Join Now | 
HomeAboutContact UsPrivacy & SecurityAdvertise
Soccer America DailySpecial EditionAround The NetSoccer Business InsiderCollege Soccer ReporterYouth Soccer ReporterSoccer on TVSoccer America Classifieds
Paul Gardner: SoccerTalkSoccer America ConfidentialYouth Soccer InsiderWorld Cup Watch
RSS FeedsArchivesManage SubscriptionsSubscribe
Order Current IssueSubscribeManage My SubscriptionRenew My SubscriptionGift Subscription
My AccountJoin Now
Tournament CalendarCamps & AcademiesSoccer GlossaryClassifieds
Finding the Right Place to Play
by Avi Stopper, May 29th, 2008 6:30PM

MOST READ
TAGS:  youth boys

MOST COMMENTED

By Avi Stopper

Imagine this scenario: You're sitting in a cafe in Switzerland watching Euro 2008. You don't speak any French, German or Italian, but you are handed the thickest menu you have ever seen. This thing is like 50 pages long. You open it and start flipping through. You have no idea what you're looking at. To boot, you're a picky eater. The waiter comes and you point to a random item and hope ...

Amazingly, the pin-the-tail-on-the-donkey method is how a lot of young soccer players choose a college. They make a decision with little information other than hearsay or some indication that they might be able to play soccer there. Unfortunately, the result is that a lot of people end up transferring.

If you want to have a successful college soccer career, you have to work for it - and not just in the sense of going out on the field and practicing a lot. Finding the right college requires research. The good news is that there are a number of excellent resources at your disposal:

Relatives and family friends. It's always good to start with the people you know. Ask them what schools they think might be a good fit for you. Often, these recommendations can be the most powerful because your relatives and family friends know you and the college.

College guidance tools. Web sites like Destination-U.com suggest a list of colleges based on the criteria you input. Books such as those offered by The Princeton Review can be very useful as well. Go to the bookstore, sit in a big cushy chair with a hot chocolate and flip through some guidance books.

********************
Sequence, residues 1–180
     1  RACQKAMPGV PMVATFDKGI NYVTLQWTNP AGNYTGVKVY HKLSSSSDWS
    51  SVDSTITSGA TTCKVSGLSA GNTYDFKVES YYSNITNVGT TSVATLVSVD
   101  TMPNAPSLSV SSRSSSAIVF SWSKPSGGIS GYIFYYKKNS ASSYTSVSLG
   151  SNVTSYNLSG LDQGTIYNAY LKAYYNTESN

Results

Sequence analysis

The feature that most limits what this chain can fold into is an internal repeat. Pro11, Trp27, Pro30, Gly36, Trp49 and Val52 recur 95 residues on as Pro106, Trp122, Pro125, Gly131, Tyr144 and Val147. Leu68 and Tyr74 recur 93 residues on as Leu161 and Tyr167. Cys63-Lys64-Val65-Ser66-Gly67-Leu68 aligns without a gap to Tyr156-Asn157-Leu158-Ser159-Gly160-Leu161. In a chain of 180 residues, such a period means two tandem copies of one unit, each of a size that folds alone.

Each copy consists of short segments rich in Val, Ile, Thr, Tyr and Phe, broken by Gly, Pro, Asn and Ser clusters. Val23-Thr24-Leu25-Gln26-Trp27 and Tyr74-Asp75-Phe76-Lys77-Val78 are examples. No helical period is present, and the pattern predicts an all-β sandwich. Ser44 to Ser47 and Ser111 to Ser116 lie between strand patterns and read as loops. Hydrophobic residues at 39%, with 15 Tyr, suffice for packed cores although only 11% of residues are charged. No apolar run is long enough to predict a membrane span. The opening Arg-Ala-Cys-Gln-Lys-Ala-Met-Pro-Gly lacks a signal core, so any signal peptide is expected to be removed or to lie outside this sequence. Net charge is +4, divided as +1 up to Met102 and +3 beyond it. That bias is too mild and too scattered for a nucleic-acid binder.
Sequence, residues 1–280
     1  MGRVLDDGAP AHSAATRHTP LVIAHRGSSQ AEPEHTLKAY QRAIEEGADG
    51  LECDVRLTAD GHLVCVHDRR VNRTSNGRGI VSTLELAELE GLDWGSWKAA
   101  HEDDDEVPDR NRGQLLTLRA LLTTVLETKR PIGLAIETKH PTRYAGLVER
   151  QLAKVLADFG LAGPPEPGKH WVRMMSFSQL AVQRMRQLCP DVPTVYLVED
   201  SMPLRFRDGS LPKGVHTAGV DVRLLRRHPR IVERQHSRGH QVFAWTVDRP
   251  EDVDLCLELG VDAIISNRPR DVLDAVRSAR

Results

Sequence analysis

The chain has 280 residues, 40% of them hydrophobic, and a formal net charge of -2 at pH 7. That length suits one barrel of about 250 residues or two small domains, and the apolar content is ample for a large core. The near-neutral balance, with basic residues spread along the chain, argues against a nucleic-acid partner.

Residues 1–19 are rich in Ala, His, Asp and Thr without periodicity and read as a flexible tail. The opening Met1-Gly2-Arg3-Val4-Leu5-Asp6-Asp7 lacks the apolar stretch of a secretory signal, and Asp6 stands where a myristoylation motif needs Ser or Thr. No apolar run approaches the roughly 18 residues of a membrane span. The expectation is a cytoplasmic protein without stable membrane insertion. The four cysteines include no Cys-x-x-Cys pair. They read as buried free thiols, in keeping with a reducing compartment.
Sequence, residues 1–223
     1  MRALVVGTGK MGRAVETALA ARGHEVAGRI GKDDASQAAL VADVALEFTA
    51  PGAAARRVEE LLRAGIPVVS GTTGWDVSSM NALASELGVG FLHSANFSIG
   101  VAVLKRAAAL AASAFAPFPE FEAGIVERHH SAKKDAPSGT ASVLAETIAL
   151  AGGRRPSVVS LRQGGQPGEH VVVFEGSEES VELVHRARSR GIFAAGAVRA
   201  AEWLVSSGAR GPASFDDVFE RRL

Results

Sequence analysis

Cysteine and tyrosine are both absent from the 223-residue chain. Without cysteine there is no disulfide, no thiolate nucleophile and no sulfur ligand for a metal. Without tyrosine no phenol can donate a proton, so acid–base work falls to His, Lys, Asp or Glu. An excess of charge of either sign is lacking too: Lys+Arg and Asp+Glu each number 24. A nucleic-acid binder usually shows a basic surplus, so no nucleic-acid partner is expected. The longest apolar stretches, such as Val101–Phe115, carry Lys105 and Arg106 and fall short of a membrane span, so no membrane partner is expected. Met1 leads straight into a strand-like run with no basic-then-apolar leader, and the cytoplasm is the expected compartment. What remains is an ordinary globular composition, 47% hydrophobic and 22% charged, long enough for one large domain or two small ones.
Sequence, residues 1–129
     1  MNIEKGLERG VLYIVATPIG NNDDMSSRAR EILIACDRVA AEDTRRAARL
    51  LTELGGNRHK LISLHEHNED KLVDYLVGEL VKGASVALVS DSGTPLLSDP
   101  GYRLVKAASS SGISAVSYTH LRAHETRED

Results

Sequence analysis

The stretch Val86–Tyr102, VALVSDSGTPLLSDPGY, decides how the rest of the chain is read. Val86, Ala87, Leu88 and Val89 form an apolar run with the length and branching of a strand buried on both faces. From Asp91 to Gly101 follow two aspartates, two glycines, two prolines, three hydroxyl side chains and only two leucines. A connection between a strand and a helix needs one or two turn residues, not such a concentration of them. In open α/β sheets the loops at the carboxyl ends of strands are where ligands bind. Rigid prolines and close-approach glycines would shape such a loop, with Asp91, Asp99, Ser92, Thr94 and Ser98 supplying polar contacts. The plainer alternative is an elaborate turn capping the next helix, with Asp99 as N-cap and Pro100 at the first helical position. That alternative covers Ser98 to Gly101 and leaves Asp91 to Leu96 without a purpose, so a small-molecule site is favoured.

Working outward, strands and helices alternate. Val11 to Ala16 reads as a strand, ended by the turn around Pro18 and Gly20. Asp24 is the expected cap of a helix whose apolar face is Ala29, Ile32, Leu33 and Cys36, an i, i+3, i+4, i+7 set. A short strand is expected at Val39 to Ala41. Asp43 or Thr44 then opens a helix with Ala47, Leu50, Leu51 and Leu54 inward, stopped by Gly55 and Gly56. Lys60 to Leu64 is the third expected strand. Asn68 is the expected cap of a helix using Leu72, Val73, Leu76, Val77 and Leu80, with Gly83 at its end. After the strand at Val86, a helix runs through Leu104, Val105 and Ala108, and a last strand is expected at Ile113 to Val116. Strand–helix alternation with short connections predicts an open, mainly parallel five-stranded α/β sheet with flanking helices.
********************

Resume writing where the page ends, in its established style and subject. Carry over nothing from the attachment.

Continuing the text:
College counselors. If your school has a college counselor, schedule an appointment. Otherwise, talk to your teachers. They are often familiar with many colleges. Talk to you club and high school coaches as well.

Don't be overwhelmed. Spend a couple hours each week doing some research and before long you'll have a great list of colleges. You'll notice that the resources above focus not on soccer, but on academics and social life. That is by design. Once you have found a group of 20 or so schools that are right for you academically and socially, then it's time to focus on soccer:

College team Web sites. You can learn a lot about teams by checking out their Web sites. Read about the coach, the most recent results, and check out the schedule to see who they play. Have a look at the roster to learn about the players, where they're from, and what types of clubs they played for. Use Facebook to send messages to some of the players and ask them about their experience.